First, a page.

POLITICS: Duke Energy has spent at least $1.2 million over the last year and a half as it promotes contentious North Carolina energy legislation that critics say will hamper utility oversight, harm ratepayers and slow the clean energy transition. (Energy News Network)

SOLAR:
• Florida regulators expect the installation of more than 13,000 MW of solar power over the next decade as state policies encourage larger-scale development and utilities pursue aggressive expansion plans. (S&P Global)
Three Florida advocacy groups object to Florida Power & Light’s plans to raise electric rates to fund a solar expansion, saying it is unfair to residential customers. (WJCT, Palm Beach Post)
• Nearly 30 young Floridians from economically challenged communities participate in a summer training program to learn skills in solar-energy construction. (Palm Beach Post)

COAL:
• Tennessee residents react to the Tennessee Valley Authority’s planned closure of a coal-fired power plant with fear about lingering coal ash and hope for what the site can become. (Oak Ridger)
• Residents along the Ohio River express concerns about smokestack debris, including an intact metal liner that’s more than 100 feet long, that remains underwater after a retired coal plant was demolished in February. (WCPO)

GRID: Texas regulators tasked with drafting winterization regulations struggle to make progress as they await results of a study that’s not scheduled for completion until after their year-end deadline. (KHOU)

STORAGE: Florida Power & Light gives elected officials a preview of a 409 MW battery storage facility that will be the largest in the world once complete. (Herald-Tribune, WTVT)

CLIMATE:
• A new poll that shows 70% of southeast Louisiana voters feel that stronger hurricanes, increased coastal flooding and other effects of climate change have affected them personally. (NOLA.com)
• Government officials, nonprofits, advocacy groups, scientists, concerned citizens and others converge on Georgia for a two-day climate change conference. (Brunswick News)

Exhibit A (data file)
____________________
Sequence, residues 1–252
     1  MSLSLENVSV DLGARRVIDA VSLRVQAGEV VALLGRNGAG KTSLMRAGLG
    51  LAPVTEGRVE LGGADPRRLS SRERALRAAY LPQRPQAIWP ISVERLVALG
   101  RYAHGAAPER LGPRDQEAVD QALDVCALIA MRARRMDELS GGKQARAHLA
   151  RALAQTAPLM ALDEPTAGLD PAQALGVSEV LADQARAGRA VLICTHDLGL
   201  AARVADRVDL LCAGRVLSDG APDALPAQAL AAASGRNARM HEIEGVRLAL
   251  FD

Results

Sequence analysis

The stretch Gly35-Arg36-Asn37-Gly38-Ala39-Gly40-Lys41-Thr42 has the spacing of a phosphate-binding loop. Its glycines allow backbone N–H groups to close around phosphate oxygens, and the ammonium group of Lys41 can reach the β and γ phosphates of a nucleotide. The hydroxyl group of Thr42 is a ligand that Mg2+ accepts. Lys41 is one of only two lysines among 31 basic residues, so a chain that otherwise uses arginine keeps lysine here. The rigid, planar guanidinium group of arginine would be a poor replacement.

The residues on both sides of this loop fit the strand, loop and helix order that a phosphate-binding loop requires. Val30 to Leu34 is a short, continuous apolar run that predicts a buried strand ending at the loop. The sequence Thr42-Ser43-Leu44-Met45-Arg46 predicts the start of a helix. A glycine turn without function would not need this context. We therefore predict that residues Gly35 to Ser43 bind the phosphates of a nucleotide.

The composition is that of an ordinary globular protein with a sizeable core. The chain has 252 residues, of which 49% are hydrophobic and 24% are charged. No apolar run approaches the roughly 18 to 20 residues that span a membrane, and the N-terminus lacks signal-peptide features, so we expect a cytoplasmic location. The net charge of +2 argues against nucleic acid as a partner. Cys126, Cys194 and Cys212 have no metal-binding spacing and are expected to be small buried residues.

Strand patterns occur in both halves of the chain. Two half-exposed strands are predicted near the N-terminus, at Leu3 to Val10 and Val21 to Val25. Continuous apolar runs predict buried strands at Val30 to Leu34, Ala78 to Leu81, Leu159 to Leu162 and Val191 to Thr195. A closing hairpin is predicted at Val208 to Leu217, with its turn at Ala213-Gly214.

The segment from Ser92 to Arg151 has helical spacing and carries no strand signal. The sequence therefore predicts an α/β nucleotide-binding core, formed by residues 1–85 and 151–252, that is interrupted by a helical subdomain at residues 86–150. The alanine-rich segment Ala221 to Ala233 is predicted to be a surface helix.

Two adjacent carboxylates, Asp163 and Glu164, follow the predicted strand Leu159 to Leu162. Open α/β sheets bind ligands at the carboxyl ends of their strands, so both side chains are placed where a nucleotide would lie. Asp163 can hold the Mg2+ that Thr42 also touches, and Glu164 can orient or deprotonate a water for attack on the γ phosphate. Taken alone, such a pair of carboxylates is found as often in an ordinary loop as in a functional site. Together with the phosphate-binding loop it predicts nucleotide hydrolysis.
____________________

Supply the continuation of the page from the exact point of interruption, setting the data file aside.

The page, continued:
EMISSIONS: A Louisiana company abandons plans for an iron pellet reprocessing plant while also agreeing to settle charges that one of its plants emitted caustic and flammable pollutants. (NOLA.com)

HYDROGEN: An energy company signs a deal with a Texas port to convert a refinery services facility into a blue hydrogen production plant, even as researchers warn the technology is riddled with “fugitive emissions” that can make it as bad as coal. (S&P Global, New Atlas)

ELECTRIC VEHICLES: A Virginia school district adds two new electric buses through a Dominion Energy program. (WRIC)

UTILITIES:
• Federal regulators press Dominion Energy, the Tennessee Valley Authority and other Southeast utilities for more information about a regional energy exchange the utilities hope to form. (Utility Dive)
• The Tennessee Valley Authority sees a 10-year high in August power demand amid a summer heat wave. (Madison County Record)

COMMENTARY:
• West Virginia Gov. Jim Justice’s revival of a state natural gas and coal board looks like doubling down on fossil fuels when the state needs to diversify and transition away from them, writes an editorial board. (News & Sentinel)
• The president of the National Black Lung Association calls on U.S. Sen. Joe Manchin to back a tax increase on coal companies to support medical care and disability benefits for miners. (Charleston Gazette-Mail)

Mason Adams

Mason has worked as a journalist since 2001, covering Appalachian communities and the issues that affect them. He compiles the Southeast Energy News digest. Mason previously worked as a wildlife biologist before moving into journalism by freelancing at Coast Weekly in Monterey, California, before taking an internship in 2001 at High Country News. He wrote for the Enterprise Mountaineer in western North Carolina and the Roanoke Times in western Virginia before going freelance in 2012. His work has appeared in Southerly, Daily Yonder, Mother Jones, Huffington Post, WVPB’s Inside Appalachia and elsewhere. Mason was born and raised in Clifton Forge, Virginia, and now lives with his family and a small herd of goats in Floyd County, Virginia.